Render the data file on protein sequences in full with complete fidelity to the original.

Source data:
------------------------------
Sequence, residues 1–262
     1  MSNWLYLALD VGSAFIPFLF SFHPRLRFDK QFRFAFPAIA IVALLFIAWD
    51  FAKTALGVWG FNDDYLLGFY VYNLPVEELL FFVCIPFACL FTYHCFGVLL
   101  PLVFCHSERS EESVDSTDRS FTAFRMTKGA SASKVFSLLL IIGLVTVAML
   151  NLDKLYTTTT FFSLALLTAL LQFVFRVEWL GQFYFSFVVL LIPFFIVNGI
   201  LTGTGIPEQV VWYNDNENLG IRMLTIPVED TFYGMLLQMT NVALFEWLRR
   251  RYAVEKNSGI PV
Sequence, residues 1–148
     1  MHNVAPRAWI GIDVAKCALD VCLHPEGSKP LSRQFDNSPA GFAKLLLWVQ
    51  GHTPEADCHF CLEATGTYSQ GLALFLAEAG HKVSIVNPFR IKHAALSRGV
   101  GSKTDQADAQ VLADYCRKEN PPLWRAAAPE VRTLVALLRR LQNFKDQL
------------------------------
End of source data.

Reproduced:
Sequence, residues 1–262
     1  MSNWLYLALD VGSAFIPFLF SFHPRLRFDK QFRFAFPAIA IVALLFIAWD
    51  FAKTALGVWG FNDDYLLGFY VYNLPVEELL FFVCIPFACL FTYHCFGVLL
   101  PLVFCHSERS EESVDSTDRS FTAFRMTKGA SASKVFSLLL IIGLVTVAML
   151  NLDKLYTTTT FFSLALLTAL LQFVFRVEWL GQFYFSFVVL LIPFFIVNGI
   201  LTGTGIPEQV VWYNDNENLG IRMLTIPVED TFYGMLLQMT NVALFEWLRR
   251  RYAVEKNSGI PV
Sequence, residues 1–148
     1  MHNVAPRAWI GIDVAKCALD VCLHPEGSKP LSRQFDNSPA GFAKLLLWVQ
    51  GHTPEADCHF CLEATGTYSQ GLALFLAEAG HKVSIVNPFR IKHAALSRGV
   101  GSKTDQADAQ VLADYCRKEN PPLWRAAAPE VRTLVALLRR LQNFKDQL